Thursday, October 19th, 2017

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Get Paid To Study

More and more students now have to work while they’re in college. It doesn’t matter if the extra money is for beer or for books—the rising cost of education is forcing some students into the workforce before they graduate. Between classes, studying, and socializing, most college kids don’t have too much free time—which makes choosing the right job even more important. You need to get more bang for your buck.

Luckily, many college jobs do offer something else, and no, I’m not talking about a feeling of accomplishment or a sense of responsibilty. When is the last time you heard anyone who has bills to pay say that they work simply to feel better about themselves? No,  I’m talking about concrete things: a chance to network, a new skill to add to your resume, or simply time to study. If you do your homework, you can find a job that’s more than just a paycheck.

Finding the right on-campus job

  • Campus career and employment office. Not just for students preparing to graduate—the campus career center usually has listings of on-and off-campus jobs.
  • Student union. Most student unions hire students—at the front desk and in coffee shops, bookstores, and dining halls—jobs may also be posted in common areas.
  • Ask around. Whenever you are looking for a job one of the best ways is through word of mouth. If you know where you want to work, talk to students who already work there. Put the word out, you never know who might be able to help you.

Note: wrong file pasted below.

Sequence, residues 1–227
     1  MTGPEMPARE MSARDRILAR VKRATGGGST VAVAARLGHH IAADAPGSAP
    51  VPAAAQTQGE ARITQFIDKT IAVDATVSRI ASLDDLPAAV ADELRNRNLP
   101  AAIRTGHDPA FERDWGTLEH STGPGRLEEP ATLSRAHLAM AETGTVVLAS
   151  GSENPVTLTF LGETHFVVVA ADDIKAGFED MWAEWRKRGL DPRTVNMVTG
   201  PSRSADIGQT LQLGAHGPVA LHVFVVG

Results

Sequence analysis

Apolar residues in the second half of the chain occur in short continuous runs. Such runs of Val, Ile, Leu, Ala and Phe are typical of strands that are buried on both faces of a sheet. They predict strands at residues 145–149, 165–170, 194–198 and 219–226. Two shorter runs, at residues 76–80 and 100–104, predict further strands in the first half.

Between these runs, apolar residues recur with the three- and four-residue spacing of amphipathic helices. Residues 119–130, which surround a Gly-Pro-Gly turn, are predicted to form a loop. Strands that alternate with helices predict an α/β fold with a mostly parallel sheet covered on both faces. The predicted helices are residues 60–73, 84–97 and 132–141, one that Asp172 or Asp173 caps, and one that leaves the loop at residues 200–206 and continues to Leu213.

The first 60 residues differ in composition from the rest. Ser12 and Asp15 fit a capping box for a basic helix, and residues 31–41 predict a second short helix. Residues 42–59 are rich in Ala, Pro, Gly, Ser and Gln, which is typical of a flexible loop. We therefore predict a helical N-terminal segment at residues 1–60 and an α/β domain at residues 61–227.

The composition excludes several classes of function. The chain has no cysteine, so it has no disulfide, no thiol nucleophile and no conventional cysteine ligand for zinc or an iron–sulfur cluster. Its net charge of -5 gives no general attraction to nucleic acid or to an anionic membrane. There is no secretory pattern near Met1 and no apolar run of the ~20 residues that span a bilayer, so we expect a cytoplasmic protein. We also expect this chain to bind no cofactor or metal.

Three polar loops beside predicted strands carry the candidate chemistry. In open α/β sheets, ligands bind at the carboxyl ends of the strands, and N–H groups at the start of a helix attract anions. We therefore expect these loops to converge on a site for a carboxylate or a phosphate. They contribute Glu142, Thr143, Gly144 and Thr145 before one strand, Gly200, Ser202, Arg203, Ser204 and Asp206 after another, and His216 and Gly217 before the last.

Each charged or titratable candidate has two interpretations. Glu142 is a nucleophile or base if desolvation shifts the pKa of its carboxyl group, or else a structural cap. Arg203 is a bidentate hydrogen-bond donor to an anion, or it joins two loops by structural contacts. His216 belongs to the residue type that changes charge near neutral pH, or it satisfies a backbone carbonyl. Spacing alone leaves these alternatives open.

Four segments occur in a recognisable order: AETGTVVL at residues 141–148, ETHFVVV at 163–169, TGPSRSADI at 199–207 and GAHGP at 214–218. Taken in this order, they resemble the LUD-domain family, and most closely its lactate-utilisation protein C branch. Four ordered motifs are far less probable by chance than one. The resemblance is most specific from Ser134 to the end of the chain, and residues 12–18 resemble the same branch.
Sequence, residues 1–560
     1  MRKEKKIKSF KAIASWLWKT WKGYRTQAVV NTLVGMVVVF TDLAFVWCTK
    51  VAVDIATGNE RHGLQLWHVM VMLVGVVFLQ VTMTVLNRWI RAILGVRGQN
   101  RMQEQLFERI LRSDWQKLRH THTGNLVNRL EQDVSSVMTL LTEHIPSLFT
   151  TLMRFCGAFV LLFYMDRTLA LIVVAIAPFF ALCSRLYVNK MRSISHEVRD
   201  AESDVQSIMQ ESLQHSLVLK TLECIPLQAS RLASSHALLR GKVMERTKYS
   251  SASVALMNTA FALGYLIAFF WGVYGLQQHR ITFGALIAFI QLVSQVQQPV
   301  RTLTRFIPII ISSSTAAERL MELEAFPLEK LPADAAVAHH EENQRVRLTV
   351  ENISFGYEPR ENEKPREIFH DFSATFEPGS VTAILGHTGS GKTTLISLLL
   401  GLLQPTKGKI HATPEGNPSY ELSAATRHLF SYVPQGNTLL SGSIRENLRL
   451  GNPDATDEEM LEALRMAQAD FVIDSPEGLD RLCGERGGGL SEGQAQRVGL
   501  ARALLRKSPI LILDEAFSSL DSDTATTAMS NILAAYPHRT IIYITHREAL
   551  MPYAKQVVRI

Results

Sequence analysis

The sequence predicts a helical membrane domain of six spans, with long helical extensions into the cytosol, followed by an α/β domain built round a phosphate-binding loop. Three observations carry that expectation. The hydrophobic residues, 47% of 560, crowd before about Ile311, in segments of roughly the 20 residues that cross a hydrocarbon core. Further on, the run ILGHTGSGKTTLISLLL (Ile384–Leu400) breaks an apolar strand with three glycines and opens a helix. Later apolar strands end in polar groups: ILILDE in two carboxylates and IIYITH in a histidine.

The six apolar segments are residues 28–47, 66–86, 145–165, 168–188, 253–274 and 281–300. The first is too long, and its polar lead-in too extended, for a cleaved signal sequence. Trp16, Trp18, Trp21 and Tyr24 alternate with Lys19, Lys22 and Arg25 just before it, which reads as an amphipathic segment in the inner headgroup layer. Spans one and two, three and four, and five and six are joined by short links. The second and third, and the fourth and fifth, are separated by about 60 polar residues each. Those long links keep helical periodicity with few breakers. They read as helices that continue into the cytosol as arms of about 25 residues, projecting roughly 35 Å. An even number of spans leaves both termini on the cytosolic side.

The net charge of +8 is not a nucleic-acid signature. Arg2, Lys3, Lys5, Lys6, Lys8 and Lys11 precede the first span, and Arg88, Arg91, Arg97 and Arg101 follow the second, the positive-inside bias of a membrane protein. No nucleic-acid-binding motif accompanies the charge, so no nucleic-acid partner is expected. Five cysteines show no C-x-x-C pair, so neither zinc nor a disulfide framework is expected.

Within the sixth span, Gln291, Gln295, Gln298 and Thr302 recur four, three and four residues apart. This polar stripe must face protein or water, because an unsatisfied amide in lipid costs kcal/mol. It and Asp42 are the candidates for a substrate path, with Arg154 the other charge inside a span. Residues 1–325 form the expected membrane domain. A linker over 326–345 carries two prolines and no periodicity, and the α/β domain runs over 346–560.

Common jobs around campus
Library. Working in the library might be boring but you’ll probably have time to study. At most schools the pay is decent and shelving books can be good exercise.

Dining hall. Check if your school provides free dining hall cards to the students who work there, because free food is definitely a good perk. Dining halls usually have a lot of job opportunities, this means there are different positions and you can probably move around if you get bored. It also means there are a lot of people to meet, so if you’re a social person, this may be the job for you. Smelling like greasy food may be a downside, but most dining hall jobs pay well.

Athletic Hall. There may be many different jobs at an athletic hall. If you’re in shape maybe you can teach a Yoga class. This way you can workout while you work. This may be stating the obvious but it’s also a great way to meet jocks and jockettes. Of course, the downside is dirty towels and stinky locker rooms. If you work at a desk checking people in you may have time to study. And if you work for a team you might get the chance to travel with the team, and get paid to do it.

Film projectionist. Free movies, yet you’ll probably have to watch them over and over and over. If you can tune them out, you should have plenty of study time.

Teacher’s Assistant (TA).This is a great job for anyone who wants a foot in the door in his or her academic department, a chance to kiss up to a professor, or the opportunity to pull rank on freshmen. These jobs are usually paid but some schools allow you to choose a “for credit” option.

Tutor. Being a private tutor is often the best paid job on campus. You can contact the athletic department and see what they need—most athletes don’t have as much time to study yet need to keep their grades up. Or try a walk-in tutor center—these centers pay you whether or not anyone comes to be tutored. If no one comes in then you have plenty of time to study. This is also a great way to meet people.

Resident Advisor (RA). “Free housing.” Two magic words that make this sound like the be-all-end-all job of jobs, but don’t be fooled, being a RA is hard work. You have to deal with everyone’s drama pretty much all of the time and after telling more than a few drunken freshmen to keep it down, you might not be the most popular person in the dorm. But with free housing, who needs friends?

Emily Torres is a graduate of LIfe’s a Bitch Books.

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